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Sunday, 13 May 2007

Internet advertising complaint department is very busy

The (British) Advertising Standards Authority has just published their 2006 Annual Report: the changing face of advertising. This report (.pdf) reveals that (in the U.K.) the number of complaints about internet advertising in rose by 33%, which makes is the 2nd most complained non-broadcast format. Five years ago, in 2001, the Internet ranked as the eighth most complained about of all nonbroadcast media.
This has of course to do with the importance of internet as an advertising medium. And with the fact that the online audience does not hesitate to use it's own medium backchannel to complain about advertising that is offensive to them.
Curious? Have a look at the Top 10 most complained about ads: the number one is a really weird ad from the Gay Police Association.
The ASA is, by the way, not able to sanction "faulty" internet ads. But they do have a clear mission: "It isn't just the change in advertising that has been remarkable over recent decades, but where and how that advertising appears." The challenge is not to create innovative advertising, but to make sure advertising techniques and concepts remain "legal, decent, honest and thruthful - and socially responsible too."

Found via 901am.com.


Danny Meadows-Klue said...

There's only a tiny amount of advertising online that ever causes concern, but when we first began extending self regulation from print and outdoor advertising across to the web back in 1996, the aim was to provide a single umbrella and a solid support framework.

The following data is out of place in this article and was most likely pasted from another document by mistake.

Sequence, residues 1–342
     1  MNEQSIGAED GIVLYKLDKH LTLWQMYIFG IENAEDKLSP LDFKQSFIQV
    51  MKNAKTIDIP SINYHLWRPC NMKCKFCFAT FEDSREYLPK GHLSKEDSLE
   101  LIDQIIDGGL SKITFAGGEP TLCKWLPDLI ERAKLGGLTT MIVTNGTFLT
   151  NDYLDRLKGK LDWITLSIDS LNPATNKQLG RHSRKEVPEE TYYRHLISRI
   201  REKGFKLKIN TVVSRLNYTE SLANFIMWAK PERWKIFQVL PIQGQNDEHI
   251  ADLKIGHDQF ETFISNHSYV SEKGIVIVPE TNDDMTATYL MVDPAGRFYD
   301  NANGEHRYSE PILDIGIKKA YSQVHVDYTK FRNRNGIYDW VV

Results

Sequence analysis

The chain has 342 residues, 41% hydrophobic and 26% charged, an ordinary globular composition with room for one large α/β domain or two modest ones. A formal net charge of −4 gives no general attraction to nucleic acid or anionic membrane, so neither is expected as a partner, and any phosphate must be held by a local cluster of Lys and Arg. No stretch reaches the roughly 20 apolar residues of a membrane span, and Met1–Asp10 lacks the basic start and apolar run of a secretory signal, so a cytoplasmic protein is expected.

That model has evolved a little, but the UK still offers some useful pointers for other people getting drawn into this debate. When a group of us met at the EASA workshops in Budapest last month, we talked a lot about the models that could work for different countries. My personal view is that all IABs should be active participants in the debate, and that self-regulation (rather than by regulation by government) is not only the best result for industry, but also (because of its flexibility and adaptability) the best for consumers.

If anyone would more background on this then I can research some links or email over the background and a few issues. Getting self-regulation right is quite a challenge; but not taking part in the process would be a failure.

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